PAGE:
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The Budget Rejection: Are MPs working for Ghana or for their parties?

Mon, 29 Nov 2021 Source: Kofi Ata

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Last Friday 26 November 2021, the minority party in parliament, National Democratic Congress (NDC) voted to reject the budget presented to parliament by the Finance Minister, Mr Ken Ofori-Attah on 17 November 2021.

This was after the majority party, National Patriotic Party, (NPP) walked out of parliament and boycotted the approval of the budget following the decision of the Speaker to put to a vote, a request by the Finance Minister to address either the house or the minority on some concerns raised.

This brief article is to discuss what happened in parliament on the day and whether the peoples’ representatives are serving the interests of Ghana or those of their political parties.

Some Ghanaians will remember that what happened in parliament on Friday 26 November 2021 is not the first time that a budget of the majority government has been rejected by parliament.

Those of us old enough will recall that on Tuesday 30 June 1981, the budget of the Dr Liman’s government presented by the then Financial Minister, the late Prof George Benneh was rejected by parliament.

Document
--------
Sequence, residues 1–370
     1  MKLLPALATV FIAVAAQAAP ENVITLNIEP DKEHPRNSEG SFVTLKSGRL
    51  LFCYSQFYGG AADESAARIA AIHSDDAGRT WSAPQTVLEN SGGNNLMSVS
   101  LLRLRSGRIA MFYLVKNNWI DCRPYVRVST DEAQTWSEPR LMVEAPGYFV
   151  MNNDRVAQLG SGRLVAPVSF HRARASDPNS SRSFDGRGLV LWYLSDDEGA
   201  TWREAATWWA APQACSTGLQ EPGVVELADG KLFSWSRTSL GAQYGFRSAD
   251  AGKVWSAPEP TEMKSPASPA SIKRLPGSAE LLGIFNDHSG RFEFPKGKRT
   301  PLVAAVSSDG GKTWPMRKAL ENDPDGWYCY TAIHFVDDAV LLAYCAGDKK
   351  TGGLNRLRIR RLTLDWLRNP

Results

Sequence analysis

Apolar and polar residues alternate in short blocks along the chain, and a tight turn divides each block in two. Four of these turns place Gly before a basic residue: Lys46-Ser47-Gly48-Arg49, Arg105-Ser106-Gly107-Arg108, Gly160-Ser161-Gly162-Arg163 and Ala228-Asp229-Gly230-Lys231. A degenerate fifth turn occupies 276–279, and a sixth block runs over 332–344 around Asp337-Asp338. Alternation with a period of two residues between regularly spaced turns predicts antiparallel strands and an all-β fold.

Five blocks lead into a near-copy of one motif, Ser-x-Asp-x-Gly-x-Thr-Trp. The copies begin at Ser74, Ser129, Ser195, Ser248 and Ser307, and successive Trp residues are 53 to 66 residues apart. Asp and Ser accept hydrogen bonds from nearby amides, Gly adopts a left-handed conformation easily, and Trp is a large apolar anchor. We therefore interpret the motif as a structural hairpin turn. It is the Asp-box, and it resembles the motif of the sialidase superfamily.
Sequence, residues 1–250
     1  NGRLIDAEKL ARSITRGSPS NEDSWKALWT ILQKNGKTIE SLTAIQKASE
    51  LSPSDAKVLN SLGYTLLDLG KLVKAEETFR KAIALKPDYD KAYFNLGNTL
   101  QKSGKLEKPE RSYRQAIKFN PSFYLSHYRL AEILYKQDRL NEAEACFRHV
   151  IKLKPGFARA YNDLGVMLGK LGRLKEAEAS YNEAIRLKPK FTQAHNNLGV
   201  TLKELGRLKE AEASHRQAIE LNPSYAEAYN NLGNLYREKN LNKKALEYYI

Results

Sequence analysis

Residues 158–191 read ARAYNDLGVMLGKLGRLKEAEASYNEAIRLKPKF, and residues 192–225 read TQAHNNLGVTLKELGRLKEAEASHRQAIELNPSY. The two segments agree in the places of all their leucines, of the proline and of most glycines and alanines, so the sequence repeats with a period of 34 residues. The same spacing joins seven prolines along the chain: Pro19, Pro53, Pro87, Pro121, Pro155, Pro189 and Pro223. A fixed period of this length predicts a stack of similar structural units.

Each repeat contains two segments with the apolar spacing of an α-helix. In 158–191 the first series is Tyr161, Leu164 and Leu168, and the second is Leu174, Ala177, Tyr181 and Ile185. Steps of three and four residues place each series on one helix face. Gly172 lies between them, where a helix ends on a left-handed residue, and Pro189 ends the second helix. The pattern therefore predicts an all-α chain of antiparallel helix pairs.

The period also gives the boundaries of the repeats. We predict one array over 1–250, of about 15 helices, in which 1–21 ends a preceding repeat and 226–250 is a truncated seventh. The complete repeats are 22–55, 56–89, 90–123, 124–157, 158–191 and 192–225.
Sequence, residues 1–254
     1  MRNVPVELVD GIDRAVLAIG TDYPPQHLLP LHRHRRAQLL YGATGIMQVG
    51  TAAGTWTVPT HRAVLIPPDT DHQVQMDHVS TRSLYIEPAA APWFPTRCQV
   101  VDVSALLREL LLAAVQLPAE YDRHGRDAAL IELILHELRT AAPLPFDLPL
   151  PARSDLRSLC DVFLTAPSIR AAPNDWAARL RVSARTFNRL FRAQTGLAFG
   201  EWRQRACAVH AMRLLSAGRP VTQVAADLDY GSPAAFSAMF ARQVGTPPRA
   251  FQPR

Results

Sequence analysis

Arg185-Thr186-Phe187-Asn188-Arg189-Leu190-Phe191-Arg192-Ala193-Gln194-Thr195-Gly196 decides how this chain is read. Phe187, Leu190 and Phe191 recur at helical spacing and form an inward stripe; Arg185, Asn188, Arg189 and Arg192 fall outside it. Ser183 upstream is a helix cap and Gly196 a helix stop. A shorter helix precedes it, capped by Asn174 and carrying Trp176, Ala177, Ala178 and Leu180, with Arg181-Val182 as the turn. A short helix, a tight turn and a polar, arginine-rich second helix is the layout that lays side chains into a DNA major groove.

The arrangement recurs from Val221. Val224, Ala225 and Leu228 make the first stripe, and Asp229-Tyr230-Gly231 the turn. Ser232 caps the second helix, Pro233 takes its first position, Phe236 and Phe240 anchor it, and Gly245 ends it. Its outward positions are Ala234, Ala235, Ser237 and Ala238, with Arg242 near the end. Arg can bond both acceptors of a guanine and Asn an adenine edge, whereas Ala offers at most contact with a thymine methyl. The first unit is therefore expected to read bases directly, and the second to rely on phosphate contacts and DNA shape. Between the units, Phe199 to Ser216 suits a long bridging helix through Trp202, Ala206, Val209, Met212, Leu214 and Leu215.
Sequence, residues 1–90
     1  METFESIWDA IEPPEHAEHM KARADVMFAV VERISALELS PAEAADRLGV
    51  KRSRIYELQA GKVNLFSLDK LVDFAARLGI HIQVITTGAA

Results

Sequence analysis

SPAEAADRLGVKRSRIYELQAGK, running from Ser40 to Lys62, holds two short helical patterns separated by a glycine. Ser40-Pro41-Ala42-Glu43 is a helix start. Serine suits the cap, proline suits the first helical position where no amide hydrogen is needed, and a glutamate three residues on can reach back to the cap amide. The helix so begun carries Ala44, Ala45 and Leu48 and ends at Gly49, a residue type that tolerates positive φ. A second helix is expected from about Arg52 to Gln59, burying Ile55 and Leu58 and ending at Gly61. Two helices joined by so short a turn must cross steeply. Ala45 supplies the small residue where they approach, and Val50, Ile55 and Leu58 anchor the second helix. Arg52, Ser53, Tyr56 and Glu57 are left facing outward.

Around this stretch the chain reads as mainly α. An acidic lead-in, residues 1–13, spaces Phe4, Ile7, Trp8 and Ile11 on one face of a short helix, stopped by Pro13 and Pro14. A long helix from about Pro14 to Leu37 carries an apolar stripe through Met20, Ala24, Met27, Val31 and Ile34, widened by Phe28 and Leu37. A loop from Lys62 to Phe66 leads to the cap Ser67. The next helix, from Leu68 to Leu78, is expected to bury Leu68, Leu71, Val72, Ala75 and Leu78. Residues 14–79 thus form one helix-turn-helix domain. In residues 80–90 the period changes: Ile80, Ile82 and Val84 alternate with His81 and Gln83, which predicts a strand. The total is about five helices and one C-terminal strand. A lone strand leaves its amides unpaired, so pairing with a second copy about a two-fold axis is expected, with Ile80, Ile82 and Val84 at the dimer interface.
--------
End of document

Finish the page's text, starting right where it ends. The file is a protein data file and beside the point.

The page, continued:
On that occasion, the ruling Peoples National Party (PNP) also had majority in parliament but did not have the numbers on that day in parliament to carry the vote, therefore the minority party, the Popular Front Party (PFP) decided to vote against it in a partisan approach.

I personally did not follow events on the day in parliament but have since familarised myself with what happened through the media. My conclusion is that both the majority and the minority strategised to undo each other for political expediency but both have backfired.

It is the case of the majority that the Speaker was biased against them for putting the Finance Minister’s request to a vote and that is why they walked out.

On the other hand, the minority also claim that the majority after realising that they did not have the numbers to win the vote decided to use the presence of Mr Asiedu Nketia, the NDC General Secretary as a scapegoat to avoid defeat.